Norway, WWII: A group of British and German soldiers find themselves stranded in the wilderness after an aircraft battle. Finding shelter in the same cabin, they realize the only way to survive the winter is to place the rules of war aside.
The summer of 1942 brought Naval stalemate to the Pacific as the American and Japanese fleets stood at even numbers each waiting for the other to begin a renewed offensive. "Midway" tells the story of this historic June battle where a Japanese carrier force, in an attempt to occupy Midway island and lure the American fleet to destruction, was meet valiently by US forces operating off of three aircraft carriers and numerous escort ships. It was the first battle in which naval air power was extensivly used, and at its conclusion the Japanese Carrier force had been completly destroyed which lead the way for the US 1943 and 44 offensives which would eventually bring the Pacific War to a close. Written by
Anthony Hughes <firstname.lastname@example.org>
This was the second film to be presented in "Sensurround", a special low-frequency bass speaker setup consisting of four huge speakers loaned by distributors to select theatres showing the film. This system was employed only during certain sequences of the film, and was so powerful that it actually cracked plaster at some movie theaters. "Sensurround" was employed in only three other films released by Universal: Earthquake (1974), Rollercoaster (1977), and the theatrical release of Battlestar Galactica (1978). See more »
The movie clearly shows an Iowa Class Battleship. There were no US Battleships at the battle of Midway and the Iowa Class Battleships came out after the Battle of Midway. See more »
Of course "Midway" is a flawed movie. The subplot about Japanese-Americans is ridiculous and seems like a forced attempt to be PC during the post-Vietnam 1970s when it wasn't in fashion to be completely celebratory of America. Of course it's unsatisfying that the Japanese actors don't speak Japanese and we have to hear Paul Frees dubbing Toshiro Mifune. Of course the stock footage isn't going to please aviation and naval buffs who know these details like the back of their hands, but to me this is a trivial complaint that fails to take into account the limits of 1970s technology or budgeting. "Pearl Harbor" ultimately got those details right through CGI and the end result was a far worse film in the final analysis. Because ultimately, for all the flaws that are in "Midway" it succeeds because it does stick to the essential truths when telling the story of the battle, and I know this because when I first saw this movie on the CBS Late Movie around 1979, I got so hooked that I went out and read every book on the battle I could find including Walter Lord's "Incredible Victory." The movie had given me a starting reference point and while I was sorry that some key aspects of the latter stages of the battle were not depicted (such as the torpedoing and eventual sinking of the Yorktown), I couldn't have asked for anything better in terms of getting me to learn more about this great turning point of World War II. As far as I'm concerned, it's good that Hollywood did tackle this subject in an era when the influence of "Tora! Tora! Tora!", "The Longest Day" etc. still hung over the proceedings because if it hadn't been made back then, we would today be forced to see it given the "Pearl Harbor" and "Titanic" treatment that is pure garbage.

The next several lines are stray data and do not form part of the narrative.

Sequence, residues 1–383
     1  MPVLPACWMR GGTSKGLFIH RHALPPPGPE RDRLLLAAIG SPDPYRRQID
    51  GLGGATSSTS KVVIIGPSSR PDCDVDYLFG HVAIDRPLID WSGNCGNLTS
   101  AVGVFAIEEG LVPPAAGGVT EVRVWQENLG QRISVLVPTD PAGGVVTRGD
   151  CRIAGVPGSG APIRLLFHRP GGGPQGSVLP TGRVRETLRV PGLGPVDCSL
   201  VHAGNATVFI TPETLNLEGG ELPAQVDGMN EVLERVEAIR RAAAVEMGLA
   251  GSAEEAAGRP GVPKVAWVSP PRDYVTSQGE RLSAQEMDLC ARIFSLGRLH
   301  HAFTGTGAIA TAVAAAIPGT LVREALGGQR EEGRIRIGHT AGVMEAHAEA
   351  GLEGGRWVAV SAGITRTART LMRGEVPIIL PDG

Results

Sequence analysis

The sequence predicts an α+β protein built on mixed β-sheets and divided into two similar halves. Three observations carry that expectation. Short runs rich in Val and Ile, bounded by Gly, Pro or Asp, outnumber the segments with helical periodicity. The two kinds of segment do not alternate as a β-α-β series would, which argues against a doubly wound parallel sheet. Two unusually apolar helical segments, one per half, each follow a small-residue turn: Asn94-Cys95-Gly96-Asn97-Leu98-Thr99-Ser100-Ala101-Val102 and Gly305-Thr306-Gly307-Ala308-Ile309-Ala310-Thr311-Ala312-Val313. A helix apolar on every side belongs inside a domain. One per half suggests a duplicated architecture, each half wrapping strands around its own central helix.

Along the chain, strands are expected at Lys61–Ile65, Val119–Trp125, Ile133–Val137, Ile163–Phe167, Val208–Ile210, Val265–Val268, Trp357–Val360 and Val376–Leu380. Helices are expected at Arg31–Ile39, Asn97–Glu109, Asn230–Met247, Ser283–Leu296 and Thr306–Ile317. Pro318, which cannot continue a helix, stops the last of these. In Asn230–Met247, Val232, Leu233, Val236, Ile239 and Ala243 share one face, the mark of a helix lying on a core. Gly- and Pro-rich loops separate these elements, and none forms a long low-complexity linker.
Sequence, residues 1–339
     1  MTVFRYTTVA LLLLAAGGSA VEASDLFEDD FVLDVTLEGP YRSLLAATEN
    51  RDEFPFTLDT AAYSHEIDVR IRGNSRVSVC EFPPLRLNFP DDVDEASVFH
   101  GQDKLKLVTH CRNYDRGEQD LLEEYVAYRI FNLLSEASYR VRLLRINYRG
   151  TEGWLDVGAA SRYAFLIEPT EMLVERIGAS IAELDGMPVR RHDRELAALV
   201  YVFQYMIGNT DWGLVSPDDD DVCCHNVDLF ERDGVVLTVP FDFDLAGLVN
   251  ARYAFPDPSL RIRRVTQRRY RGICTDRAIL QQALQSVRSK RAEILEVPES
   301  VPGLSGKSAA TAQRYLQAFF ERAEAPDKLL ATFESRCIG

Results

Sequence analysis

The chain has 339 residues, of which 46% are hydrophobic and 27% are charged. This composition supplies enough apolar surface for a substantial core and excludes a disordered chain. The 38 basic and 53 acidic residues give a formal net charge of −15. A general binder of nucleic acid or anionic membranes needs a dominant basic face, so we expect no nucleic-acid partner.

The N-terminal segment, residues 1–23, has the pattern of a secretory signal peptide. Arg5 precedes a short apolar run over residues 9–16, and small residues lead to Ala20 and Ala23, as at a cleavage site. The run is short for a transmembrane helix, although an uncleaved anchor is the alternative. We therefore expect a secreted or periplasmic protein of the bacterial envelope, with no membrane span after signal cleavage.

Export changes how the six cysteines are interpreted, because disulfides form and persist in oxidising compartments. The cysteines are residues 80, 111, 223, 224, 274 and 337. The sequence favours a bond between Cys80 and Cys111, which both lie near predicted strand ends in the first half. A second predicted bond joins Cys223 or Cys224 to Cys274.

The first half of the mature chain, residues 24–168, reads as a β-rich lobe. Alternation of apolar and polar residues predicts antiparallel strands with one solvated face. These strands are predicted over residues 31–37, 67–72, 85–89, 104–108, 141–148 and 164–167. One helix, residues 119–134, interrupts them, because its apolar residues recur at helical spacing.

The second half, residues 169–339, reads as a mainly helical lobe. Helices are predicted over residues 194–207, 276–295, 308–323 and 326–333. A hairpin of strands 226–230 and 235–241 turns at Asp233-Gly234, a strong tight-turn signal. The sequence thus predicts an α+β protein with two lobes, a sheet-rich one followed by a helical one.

John Williams contributes one of his finer pre-Star Wars scores with two great themes, the "Midway March" (which is only heard in the end credits of the theatrical version and became more popular in an expanded concert arrangement by the Boston Pops) and the "Men Of The Yorktown March" which dominates much of the score and offers great foreshadowings of the Throne Room sequence in "Star Wars" and the Smallville music in "Superman."
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